Brewers History

Milwaukee Brewers: The Top 5 Catchers In Franchise History

pbretl
(Photo by Tom Lynn/Getty Images)
(Photo by Tom Lynn/Getty Images) /
facebooktwitterreddit
Prev
2 of 6
Next
28 Jul 1996: Dave Nilsson of the Milwaukee Brewers crouches down as he waits for his at-bat while looking on from the on deck circle during the Brewers 4-3 victory over the California Angels at Anaheim Stadium in Anaheim, California. Mandatory Credit:
28 Jul 1996: Dave Nilsson of the Milwaukee Brewers crouches down as he waits for his at-bat while looking on from the on deck circle during the Brewers 4-3 victory over the California Angels at Anaheim Stadium in Anaheim, California. Mandatory Credit: /

5. Dave Nilsson

Years as a Brewer: 1992-1999

Nilsson spent his entire eight-year MLB career in Milwaukee where he had a career batting average of .284 with 470 RBIs and an OPS of .817. His career started off relatively slowly compared to how he finished up due to injuries, where he spent some time on the disabled list or in the minors on rehab assignments.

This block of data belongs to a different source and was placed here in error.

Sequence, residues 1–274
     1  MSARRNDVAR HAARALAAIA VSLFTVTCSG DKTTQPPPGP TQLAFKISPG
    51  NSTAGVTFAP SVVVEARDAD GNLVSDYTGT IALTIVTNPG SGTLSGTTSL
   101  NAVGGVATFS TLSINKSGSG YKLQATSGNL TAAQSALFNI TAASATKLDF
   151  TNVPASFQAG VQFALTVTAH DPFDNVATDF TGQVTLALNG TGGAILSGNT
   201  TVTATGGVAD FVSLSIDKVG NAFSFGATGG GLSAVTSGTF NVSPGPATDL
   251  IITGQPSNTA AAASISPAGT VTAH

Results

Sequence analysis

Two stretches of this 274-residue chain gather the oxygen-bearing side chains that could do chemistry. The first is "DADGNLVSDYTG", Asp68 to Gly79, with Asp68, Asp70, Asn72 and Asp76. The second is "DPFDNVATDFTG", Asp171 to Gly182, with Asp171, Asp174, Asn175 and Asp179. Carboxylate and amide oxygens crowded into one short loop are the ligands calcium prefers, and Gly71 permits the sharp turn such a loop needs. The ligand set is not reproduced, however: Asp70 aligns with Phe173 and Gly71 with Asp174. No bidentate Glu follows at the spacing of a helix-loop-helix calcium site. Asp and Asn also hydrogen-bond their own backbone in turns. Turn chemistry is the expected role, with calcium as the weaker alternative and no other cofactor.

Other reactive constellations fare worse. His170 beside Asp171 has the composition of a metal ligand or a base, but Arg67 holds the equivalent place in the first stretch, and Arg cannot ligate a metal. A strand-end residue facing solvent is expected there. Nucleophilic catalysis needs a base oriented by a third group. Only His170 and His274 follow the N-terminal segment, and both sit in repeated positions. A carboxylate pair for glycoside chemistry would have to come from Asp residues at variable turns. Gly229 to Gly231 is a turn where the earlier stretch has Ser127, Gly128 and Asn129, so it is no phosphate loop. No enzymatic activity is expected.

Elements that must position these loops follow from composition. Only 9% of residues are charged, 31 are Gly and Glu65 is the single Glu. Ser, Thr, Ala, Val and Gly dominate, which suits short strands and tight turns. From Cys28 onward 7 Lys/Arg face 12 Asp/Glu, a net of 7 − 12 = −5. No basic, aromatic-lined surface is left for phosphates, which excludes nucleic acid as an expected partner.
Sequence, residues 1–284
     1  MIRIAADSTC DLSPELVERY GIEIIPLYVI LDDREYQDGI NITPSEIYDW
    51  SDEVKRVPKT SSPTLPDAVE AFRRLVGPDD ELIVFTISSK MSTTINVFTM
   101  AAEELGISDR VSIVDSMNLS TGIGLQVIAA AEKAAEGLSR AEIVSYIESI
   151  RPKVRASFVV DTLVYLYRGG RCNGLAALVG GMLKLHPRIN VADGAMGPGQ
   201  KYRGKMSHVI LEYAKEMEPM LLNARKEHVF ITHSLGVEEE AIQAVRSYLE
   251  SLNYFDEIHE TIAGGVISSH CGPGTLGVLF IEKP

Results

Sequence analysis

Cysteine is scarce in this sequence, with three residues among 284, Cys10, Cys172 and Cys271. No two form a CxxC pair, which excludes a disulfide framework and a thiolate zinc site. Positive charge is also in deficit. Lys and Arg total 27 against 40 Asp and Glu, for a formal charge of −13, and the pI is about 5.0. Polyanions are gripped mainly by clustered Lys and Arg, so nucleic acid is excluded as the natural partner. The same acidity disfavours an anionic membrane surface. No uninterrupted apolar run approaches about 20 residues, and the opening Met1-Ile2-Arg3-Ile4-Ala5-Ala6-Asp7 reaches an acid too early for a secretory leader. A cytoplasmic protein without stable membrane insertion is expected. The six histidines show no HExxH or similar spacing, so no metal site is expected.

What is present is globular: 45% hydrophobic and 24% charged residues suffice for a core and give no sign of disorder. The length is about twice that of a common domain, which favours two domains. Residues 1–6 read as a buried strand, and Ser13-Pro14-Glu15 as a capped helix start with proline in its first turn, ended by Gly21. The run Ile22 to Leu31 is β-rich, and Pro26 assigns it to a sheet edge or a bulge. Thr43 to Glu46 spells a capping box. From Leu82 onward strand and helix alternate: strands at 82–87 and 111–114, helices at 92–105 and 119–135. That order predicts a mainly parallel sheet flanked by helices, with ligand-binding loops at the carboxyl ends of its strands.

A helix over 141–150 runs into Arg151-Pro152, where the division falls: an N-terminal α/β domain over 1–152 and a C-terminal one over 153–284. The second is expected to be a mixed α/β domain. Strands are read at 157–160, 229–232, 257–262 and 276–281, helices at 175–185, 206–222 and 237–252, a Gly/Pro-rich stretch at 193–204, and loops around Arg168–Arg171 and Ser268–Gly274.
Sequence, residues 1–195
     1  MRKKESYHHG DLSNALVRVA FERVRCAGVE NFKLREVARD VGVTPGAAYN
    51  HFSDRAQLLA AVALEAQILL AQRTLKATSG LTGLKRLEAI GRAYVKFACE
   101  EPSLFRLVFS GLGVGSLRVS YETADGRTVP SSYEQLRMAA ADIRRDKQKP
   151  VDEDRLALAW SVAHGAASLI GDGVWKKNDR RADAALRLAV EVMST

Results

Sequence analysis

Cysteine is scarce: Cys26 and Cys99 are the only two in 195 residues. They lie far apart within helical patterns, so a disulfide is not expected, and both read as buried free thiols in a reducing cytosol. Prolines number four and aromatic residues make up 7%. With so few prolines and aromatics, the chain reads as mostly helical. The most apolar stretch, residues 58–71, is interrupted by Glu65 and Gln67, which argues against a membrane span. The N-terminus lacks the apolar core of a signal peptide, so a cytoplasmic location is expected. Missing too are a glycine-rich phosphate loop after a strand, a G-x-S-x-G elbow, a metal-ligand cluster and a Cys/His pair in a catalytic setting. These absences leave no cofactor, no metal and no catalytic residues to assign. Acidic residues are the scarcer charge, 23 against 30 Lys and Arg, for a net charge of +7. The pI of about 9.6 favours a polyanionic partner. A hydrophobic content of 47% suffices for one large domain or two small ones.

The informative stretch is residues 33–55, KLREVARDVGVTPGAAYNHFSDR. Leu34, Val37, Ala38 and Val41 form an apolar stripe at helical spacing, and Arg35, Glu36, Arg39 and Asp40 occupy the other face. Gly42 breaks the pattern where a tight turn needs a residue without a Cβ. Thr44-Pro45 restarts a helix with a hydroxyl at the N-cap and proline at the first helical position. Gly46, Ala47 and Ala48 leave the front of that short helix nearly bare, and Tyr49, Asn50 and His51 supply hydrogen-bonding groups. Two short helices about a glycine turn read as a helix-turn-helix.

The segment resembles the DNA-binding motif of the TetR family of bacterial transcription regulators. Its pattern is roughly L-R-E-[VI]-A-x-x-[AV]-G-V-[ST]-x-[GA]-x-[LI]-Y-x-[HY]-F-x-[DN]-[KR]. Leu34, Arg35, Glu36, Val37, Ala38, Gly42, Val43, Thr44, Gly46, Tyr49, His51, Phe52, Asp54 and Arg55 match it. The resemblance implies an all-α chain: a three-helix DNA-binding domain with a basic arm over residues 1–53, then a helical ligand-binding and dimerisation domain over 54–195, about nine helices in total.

An unusual aspect of his career was that during the MLB offseason, he played in the Australian Baseball League for a few seasons. You have to wonder that if playing year round as Nilsson did, contributed to the injuries that he suffered from and shortened his career.

However, one thing you couldn’t argue was Nilsson’s production on the field for the Brewers. His breakout year came in 1996 where he posted career highs in batting average with .331 and 84 RBIs. Nilsson also knocked 13 balls out of the park that season.

As a Brewer he was a one time All-Star and, surprisingly, it wasn’t that 1996 season. His time finally came in 1999, his last season with the team where he posted a batting average of .309, a career high 21 home runs, 62 RBIs, and an incredible OPS of .954.

Nilsson was also very efficient defensively. He posted a career .988 fielding percentage as a catcher and only had 19 errors recorded over his career at catcher. Whether it was at the plate hitting or behind the plate, Nilsson got the job done.

One of Nilsson’s strengths was his ability to play multiple positions. In addition to catcher, he also played outfield, first base, and DH. This ability to play multiple positions only allowed him to play in 309 games as catcher for Milwaukee. So Nilsson starts off our countdown at #5.

He was solid with the bat and a heck of a defender during his time here but due to injuries and his ability to play multiple positions, his time at catcher was limited compared to the others on the list. But when he was behind home plate, he sure was effective.

facebooktwitterreddit